Sunday, July 31, 2011

To the Cochran coke ovens, almost

In August of last year, I had gone a short distance north of the Florence Kelvin Highway before it got dark and I turned back. I've been meaning to check out that road in the daytime and since it was too hot to do much else yesterday, I went out there. There was a chance of storms, and I thought I might be able to get some nice pictures of storms too, but I usually manage to be in the wrong place to do that.

On Cochran Road, with rugged mountains in the distance.

I drove through that light shower on the way through Florence.

I made lots of stops along the way to take pictures. There are some pretty mountains on the other side of the Gila river. I think the only way to get back there would be to walk. Some roads get near them, but I don't think any go through them. I stitched together several panoramas and will put something close to the full size versions of those on Panoramio.

I think Skid and I had been on Cochran road several years ago. The river looked very familiar when I got down there. In spots, the river looked like it might be shallow enough to wade across, but the water was muddy so I don't know for sure. Also, it looked like it was moving fast enough that even if it didn't come up to your knees, it could knock you off your feet. I don't think I'll be trying to cross it.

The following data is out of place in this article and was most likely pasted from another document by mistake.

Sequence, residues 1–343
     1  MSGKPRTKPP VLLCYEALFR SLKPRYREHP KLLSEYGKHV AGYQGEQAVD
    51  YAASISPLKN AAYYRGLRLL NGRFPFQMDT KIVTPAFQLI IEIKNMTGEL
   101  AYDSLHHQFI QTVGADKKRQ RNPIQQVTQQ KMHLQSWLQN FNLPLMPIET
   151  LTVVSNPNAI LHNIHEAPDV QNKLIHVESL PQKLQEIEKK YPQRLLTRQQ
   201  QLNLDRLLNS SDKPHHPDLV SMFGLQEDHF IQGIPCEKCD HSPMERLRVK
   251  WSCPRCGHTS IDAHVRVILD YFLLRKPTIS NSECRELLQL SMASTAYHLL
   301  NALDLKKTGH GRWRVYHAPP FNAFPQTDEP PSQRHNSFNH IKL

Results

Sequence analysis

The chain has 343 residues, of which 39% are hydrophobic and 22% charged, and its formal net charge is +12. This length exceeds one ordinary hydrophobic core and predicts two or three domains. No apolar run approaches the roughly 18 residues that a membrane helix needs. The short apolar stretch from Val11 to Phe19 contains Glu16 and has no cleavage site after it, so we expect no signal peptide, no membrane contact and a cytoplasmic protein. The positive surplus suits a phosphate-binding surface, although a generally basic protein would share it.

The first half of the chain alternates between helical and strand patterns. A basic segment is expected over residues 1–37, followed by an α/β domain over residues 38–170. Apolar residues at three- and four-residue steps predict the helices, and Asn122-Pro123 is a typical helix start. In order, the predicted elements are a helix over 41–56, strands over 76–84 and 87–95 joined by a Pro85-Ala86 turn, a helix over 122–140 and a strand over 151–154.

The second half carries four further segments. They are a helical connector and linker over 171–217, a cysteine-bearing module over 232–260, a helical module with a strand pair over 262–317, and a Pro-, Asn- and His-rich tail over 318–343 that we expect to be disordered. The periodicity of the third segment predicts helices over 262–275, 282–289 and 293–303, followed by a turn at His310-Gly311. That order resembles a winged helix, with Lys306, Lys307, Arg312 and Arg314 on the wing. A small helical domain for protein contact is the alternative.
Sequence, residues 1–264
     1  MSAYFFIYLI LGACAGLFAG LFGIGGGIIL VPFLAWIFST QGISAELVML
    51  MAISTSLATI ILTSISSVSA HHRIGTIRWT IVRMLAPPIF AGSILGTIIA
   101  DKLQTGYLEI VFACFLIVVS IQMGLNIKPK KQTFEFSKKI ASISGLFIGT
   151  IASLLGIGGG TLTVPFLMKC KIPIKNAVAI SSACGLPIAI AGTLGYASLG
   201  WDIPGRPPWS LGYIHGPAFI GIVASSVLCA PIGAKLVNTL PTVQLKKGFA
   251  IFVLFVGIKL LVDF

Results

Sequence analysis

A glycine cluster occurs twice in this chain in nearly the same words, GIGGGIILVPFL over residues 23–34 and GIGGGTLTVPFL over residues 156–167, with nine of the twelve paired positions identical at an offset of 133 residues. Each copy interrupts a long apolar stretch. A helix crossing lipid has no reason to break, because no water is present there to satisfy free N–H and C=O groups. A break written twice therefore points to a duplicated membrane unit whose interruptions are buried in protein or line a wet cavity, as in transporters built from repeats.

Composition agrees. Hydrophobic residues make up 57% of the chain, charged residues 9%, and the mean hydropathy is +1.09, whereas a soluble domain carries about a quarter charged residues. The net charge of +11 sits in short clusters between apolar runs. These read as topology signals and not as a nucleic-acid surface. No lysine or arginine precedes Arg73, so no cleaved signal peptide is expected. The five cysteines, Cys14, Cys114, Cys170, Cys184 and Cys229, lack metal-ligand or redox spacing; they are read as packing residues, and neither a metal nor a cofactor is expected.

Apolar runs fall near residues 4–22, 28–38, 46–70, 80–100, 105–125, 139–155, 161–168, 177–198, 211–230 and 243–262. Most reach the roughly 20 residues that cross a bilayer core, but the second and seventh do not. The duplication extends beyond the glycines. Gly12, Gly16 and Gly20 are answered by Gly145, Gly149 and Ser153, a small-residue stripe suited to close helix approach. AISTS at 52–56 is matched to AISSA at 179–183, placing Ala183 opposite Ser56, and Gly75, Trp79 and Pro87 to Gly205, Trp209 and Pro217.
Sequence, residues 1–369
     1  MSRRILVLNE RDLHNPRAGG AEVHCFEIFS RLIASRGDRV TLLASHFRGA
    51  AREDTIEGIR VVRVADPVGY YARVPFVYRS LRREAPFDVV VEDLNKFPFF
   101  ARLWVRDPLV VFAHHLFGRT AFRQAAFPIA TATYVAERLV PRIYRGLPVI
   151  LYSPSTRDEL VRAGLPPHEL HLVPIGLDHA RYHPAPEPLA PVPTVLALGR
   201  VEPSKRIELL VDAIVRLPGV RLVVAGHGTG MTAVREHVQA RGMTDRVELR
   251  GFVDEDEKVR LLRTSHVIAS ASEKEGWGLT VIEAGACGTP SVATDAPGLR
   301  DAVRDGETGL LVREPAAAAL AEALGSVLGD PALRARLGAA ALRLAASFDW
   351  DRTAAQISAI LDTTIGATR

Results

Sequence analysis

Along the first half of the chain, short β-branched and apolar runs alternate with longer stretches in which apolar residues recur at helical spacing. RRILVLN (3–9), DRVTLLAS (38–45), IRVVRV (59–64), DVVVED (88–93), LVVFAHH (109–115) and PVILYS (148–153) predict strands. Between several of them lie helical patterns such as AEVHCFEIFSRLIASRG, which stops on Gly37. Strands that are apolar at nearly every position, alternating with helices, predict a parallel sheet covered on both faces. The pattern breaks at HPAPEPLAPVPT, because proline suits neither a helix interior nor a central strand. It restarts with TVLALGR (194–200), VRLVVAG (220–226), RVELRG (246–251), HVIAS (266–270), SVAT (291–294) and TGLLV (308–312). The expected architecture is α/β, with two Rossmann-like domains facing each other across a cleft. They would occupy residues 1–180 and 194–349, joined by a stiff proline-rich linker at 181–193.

The Gila river.

There were some nice clouds around, so almost all of the pictures are HDRIs. I think I got some nice pictures of rain showers, too. As I was driving out, I came to the top of a hill with a thunderstorm right in front of me. The lightning flashes were lasting a long time, at least half a second. I figured I should be able to get a picture of that. I caught a lightning bolt on my second attempt. Encouraged, I tried 10 or 15 more times and missed every one.

A slow lightning bolt.

With all the rain around, I was a little worried that I would get caught at a wash crossing. They were all dry, though. Click below to see all of the pictures.


Monday, July 25, 2011


The weather, that is.

I took half a day off Friday. Spent the time getting the bathroom ready to wallpaper. Spent Saturday wallpapering it. Lindsey's help shaved a day or two off the task. Anyway, by Sunday afternoon I was ready to get out to the desert.

As Sweetums and I ran an errand after lunch, there were some cute puffy clouds around. I didn't want to go hiking right then, though. Too sunny and hot. I finally left the house around 3:30, and by then the pretty clouds were gone. The gray sheet overhead kept me a little cooler, but when the dew point is over 50, it's going to be a tough hike.

Blah sky. I hardly took any pictures.

I was going to hike a short distance to a secluded spot, but after a couple of hundred feet I felt like I was pushing through molasses. Hot molasses. I could feel a slight breeze but it did very little to cool me off. This is a tough time of year to be out in the desert; for me at least.